Logic begins but does not end with the study of truth and falsity. Within truth there are the modes of truth, ways of being true: necessary truth and contingent truth. When a proposition is true, we may ask whether it could have been false. If so, then it is contingently true. If not, then it is necessarily true; it must be true; it could not have been false. Falsity has modes as well: a false proposition that could not have been (...)
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  • Locke on Real Essence and Water as a Natural Kind: A Qualified Defence.E. J. Lowe - 2011 - Aristotelian Society Supplementary Volume 85 (1):1-19.
    ‘Water is H2O’ is one of the most frequently cited sentences in analytic philosophy, thanks to the seminal work of Saul Kripke and Hilary Putnam in the 1970s on the semantics of natural kind terms. Both of these philosophers owe an intellectual debt to the empiricist metaphysics of John Locke's Essay Concerning Human Understanding, while disagreeing profoundly with Locke about the reality of natural kinds. Locke employs an intriguing example involving water to support his view that kinds (or ‘species’), such (...)
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  • Against A Posteriori Functionalism.Marc A. Moffett - 2010 - Canadian Journal of Philosophy 40 (1):83-106.
    There are two constraints on any functionalist solution to the Mind-Body Problem construed as an answer to the question, “What is the relationship between the mental properties and relations (hereafter, simply the mental properties) and physical properties and relations?” The first constraint is that it must actually address the Mind-Body Problem and not simply redefine the debate in terms of other, more tractable, properties (e.g., the species-specific property of having human-pain). Such moves can be seen to be spurious by the (...)
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  • Concepts of Law of Nature.Brendan Shea - 2011 - Dissertation, University of Illinois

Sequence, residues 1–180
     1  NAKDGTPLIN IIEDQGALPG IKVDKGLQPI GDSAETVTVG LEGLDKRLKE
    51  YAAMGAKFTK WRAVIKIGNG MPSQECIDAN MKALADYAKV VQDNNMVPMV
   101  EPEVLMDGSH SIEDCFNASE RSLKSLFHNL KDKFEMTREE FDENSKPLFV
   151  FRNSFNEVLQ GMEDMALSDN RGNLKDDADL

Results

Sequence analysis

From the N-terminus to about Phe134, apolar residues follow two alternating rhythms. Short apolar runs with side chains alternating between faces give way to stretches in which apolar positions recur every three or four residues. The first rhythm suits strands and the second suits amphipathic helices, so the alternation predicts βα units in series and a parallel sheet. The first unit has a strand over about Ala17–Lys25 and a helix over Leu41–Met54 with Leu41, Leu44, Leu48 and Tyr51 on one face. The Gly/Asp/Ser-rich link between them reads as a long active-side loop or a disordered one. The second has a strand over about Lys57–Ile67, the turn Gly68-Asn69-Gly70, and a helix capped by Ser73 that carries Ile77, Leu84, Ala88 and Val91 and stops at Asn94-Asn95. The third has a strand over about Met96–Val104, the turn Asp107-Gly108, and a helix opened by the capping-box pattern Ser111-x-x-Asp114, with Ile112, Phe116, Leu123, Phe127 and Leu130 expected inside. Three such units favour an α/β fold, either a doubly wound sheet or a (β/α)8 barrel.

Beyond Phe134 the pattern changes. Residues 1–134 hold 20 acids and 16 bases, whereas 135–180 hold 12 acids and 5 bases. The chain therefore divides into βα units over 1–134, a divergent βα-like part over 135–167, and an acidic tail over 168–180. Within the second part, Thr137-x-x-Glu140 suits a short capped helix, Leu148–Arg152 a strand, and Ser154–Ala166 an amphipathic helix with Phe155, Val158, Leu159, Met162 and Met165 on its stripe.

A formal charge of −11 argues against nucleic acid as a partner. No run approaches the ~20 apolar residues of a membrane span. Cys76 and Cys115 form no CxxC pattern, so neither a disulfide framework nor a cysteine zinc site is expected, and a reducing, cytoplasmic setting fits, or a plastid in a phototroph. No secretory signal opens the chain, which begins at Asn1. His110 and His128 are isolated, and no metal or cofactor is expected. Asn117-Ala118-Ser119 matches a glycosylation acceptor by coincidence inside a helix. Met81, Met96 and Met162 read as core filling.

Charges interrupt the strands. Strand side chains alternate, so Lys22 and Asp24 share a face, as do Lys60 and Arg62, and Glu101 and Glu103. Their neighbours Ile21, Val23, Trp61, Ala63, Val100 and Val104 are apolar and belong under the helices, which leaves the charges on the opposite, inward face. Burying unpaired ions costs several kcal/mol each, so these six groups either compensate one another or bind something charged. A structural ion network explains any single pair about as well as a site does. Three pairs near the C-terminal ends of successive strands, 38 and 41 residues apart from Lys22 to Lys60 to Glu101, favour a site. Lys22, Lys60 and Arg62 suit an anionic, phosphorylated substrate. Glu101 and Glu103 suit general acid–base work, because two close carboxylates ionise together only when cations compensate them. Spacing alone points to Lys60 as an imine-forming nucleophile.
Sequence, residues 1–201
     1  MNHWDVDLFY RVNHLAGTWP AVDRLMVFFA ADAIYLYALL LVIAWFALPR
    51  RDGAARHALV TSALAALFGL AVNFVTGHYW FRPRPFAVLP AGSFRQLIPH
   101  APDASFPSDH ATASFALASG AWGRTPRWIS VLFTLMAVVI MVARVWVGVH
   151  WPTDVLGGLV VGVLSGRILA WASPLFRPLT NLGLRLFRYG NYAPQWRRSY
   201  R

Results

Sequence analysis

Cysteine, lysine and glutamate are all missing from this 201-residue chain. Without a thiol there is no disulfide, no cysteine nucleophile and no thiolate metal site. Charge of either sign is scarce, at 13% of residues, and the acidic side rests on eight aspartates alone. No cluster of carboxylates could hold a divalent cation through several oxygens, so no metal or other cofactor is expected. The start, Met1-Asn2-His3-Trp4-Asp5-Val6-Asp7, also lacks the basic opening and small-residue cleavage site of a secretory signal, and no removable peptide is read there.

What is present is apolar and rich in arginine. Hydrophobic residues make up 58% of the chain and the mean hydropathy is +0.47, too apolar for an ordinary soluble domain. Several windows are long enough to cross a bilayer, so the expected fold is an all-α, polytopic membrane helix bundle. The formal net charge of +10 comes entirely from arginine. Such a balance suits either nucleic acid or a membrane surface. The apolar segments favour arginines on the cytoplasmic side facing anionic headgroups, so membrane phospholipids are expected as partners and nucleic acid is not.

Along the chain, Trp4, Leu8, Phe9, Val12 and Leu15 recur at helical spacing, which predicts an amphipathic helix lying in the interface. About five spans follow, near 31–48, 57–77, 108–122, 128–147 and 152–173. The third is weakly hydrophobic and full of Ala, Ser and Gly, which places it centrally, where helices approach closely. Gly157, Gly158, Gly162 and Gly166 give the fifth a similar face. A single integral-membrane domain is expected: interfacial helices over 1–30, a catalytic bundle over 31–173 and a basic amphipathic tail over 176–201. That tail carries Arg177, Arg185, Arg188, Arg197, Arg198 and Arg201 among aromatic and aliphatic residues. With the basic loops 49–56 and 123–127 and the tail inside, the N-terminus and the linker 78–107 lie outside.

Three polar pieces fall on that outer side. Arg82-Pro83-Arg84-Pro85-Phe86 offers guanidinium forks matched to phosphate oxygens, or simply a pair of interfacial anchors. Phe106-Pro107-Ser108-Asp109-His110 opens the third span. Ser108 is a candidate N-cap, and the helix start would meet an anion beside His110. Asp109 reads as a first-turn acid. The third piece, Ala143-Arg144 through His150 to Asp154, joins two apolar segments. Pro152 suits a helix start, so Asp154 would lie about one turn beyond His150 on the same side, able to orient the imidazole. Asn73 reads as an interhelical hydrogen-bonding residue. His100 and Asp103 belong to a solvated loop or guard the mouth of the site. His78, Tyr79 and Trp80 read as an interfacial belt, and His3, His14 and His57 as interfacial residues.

Over the past 50 years, there has been a great deal of philosophical interest in laws of nature, perhaps because of the essential role that laws play in the formulation of, and proposed solutions to, a number of perennial philosophical problems. For example, many have thought that a satisfactory account of laws could be used to resolve thorny issues concerning explanation, causation, free-will, probability, and counterfactual truth. Moreover, interest in laws of nature is not constrained to metaphysics or philosophy of (...)
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  • Justification, Realism and the Past.Christopher Peacocke - 2005 - Mind 114 (455):639-670.
    This paper begins by considering Dummett's justificationist treatment of statements about the past in his book Truth and the Past (2004). Contrary to Dummett's position, there is no way of applying the intuitionistic distinction in the arithmetical case between direct and indirect methods of establishing a content to the case of past-tense statements. Attempts to do so either give the wrong truth conditions, or rely on notions not available to a justificationist position. A better, realistic treatment makes ineliminable use of (...)
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  • Synthetische Notwendigkeit.Daniel von Wachter - 2000 - Metaphysica Sonderheft 1:155-177.
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  • Against Materialism.Alvin Plantinga - 2006 - Faith and Philosophy 23 (1):3-32.